Realtime Worlds’ ambitious open-city shooter to relaunch under new free-to-play model next year.
Free-to-play specialist GamersFirst has confirmed that its subsidiary, Reloaded Productions, has bought the IP rights to APB, following the game’s closure in mid-September.
APB was developed by Dundee-based Realtime Worlds, which closed on September 16, having failed to find a buyer for the game and its operating structure, which had taken over $100 million in outside investment and had only launched six weeks earlier.
Rumours originating with a source close to Gamesindustry.biz last week suggested that GamersFirst owner K2 Network had paid $1.5 million for the game, which includes IP rights and all source code, but not any of its original networking infrastructure. But though it will not disclose the actual sum, the rumour is "exaggerated", according to GamersFirst chief operating and technical officer Bjorn Book-Larsson in an interview with us.
As a result of the sale, says Paul Dounis of company administrator Begbies Traynor, all outstanding wages and holiday pay claims from former Realtime Worlds staff will be met in full.
But why didn’t GamersFirst buy it before Realtime Worlds went bankrupt? "I guess because we didn’t want to!" says Book-Larssen. "We didn’t find out until late, but also we weren’t interested in the company as a going concern. IP rights is a very different transaction."
Book-Larsson is keen to differentiate the model under which APB was originally managed from the way GamersFirst will run it: "It initially launched as a retail game, trying to get revenues up front from retail sales, and then you could either buy subscriptions or game time in 20-hour chunks. We think the game was brilliant in some areas, but there were a few that were really problematic.
"One was imbalance of the game itself. Another was the actual monetisation model. Selling game time isn’t a good idea because in this case it discourages people from sticking around. If you show up in this game with several friends, they will start dropping off if they don’t pay for the additional time. In our model, we let everyone play the game for free, but you can’t access some capabilities if you don’t purchase them through microtransactions."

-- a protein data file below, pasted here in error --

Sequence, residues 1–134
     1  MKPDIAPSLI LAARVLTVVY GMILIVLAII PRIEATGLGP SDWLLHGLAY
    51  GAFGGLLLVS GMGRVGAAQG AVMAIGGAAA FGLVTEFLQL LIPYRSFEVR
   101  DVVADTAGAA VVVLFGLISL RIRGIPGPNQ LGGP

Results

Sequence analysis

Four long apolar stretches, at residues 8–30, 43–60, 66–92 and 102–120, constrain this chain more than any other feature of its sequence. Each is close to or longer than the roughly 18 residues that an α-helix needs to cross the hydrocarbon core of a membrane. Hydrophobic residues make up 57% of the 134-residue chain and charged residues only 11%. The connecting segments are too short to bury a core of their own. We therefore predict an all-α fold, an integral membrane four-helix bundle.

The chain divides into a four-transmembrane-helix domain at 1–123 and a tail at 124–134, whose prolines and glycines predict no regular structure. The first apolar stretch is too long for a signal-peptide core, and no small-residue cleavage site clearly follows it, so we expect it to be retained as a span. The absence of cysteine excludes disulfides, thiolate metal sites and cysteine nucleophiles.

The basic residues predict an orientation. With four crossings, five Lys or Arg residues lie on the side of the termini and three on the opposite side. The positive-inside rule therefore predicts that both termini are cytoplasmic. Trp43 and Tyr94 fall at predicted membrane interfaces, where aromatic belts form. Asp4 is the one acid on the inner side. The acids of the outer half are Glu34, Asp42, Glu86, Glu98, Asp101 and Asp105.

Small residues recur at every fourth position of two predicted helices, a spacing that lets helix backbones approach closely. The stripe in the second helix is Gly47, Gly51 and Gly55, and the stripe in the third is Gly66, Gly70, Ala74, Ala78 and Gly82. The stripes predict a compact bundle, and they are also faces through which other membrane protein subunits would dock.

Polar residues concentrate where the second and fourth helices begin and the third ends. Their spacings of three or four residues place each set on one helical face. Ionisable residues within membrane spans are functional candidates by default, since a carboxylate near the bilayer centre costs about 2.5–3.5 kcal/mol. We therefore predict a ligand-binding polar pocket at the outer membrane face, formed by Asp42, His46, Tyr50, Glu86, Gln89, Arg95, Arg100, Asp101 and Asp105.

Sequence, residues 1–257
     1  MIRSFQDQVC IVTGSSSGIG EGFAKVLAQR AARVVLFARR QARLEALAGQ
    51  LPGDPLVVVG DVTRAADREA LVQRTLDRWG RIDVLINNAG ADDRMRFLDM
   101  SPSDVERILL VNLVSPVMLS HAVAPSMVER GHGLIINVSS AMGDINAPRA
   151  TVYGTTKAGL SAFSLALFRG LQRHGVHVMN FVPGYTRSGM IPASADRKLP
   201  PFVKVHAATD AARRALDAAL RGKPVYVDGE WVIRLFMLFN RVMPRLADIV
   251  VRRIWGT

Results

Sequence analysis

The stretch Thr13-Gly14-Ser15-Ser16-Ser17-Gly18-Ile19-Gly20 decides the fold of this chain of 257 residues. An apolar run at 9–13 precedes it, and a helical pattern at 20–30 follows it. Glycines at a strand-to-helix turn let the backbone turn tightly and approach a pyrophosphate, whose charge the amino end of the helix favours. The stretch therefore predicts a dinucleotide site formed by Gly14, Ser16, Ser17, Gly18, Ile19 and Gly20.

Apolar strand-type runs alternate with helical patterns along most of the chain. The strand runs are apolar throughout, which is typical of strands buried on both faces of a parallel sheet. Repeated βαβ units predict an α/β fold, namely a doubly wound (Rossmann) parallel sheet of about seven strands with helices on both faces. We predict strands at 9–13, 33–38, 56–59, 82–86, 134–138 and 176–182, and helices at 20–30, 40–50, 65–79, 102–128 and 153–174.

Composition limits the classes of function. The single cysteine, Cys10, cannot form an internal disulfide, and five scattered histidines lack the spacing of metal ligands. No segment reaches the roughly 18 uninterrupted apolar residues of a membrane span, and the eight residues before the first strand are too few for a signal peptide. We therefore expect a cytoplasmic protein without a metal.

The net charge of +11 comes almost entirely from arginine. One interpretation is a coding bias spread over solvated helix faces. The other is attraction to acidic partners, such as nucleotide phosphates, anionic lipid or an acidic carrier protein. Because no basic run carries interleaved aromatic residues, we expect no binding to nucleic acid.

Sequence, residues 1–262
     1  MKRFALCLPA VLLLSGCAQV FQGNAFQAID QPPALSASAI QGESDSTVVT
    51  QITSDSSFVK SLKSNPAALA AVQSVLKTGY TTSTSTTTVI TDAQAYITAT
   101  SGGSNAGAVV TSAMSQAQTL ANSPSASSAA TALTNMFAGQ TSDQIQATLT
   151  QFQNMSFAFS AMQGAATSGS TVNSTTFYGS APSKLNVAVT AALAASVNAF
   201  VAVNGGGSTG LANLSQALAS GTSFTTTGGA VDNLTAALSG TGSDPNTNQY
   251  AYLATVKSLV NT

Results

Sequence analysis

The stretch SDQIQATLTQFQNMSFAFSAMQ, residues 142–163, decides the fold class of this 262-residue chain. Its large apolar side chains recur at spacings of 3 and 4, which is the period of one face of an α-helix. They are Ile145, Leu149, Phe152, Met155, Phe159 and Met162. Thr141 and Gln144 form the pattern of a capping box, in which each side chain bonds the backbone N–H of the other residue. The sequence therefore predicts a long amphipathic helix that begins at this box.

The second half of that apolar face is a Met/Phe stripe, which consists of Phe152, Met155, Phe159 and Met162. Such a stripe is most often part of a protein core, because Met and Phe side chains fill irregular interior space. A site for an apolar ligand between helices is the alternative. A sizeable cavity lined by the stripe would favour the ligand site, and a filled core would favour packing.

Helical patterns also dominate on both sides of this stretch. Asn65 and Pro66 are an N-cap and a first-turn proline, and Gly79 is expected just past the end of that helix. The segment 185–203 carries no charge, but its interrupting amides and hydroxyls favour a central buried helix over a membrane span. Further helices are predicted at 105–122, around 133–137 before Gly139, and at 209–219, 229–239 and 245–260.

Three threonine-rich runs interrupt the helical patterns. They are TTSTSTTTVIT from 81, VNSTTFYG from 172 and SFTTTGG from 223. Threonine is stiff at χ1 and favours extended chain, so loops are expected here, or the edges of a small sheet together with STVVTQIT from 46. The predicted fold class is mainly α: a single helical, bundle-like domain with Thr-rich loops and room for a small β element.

As such, GamersFirst will be doing some work to rebalance and refit the game before its relaunch in the first half of 2011 under the name APB: Reloaded. APB‘s original development staff has now dissipated and work will be carried out by GamersFirst’s LA-based team. " Theres’ lots of Unreal Engine talent in the LA region, but we’re keen to stay connected to the original staff, for consulting and other opportunities in the future," Book-Larssen says.
"We anticipate we’ll be doing a fair amount of balancing, mostly around how weapons will interact with each other," says Book-Larsson. "And we expect some refitting. We expect to release one of the patches they never had the chance to release, which will do some improvements to the game. Specifically, we will add some designs that we need for it to work as a free-to-play game. That means we need to encourage people to stick around to pay for certain enhancements. So it will require some code modifications to do that."
Players will be able to buy guns with better capabilities without having to earn them through play over a period of time. This, says Book-Larsson, counters a major issue with the balancing of the original game before one of its final patches, which gave experienced players guns with much higher ranges than newbies. "As a newbie, you were told what gun shot you and that you couldn’t acquire it unless you were willing to die for another nine hours. Now, you might be shot by a gun, and you can go and get it. It changes the dynamic. Some people for free will want to grind through it to get it for free, and others can just get it."
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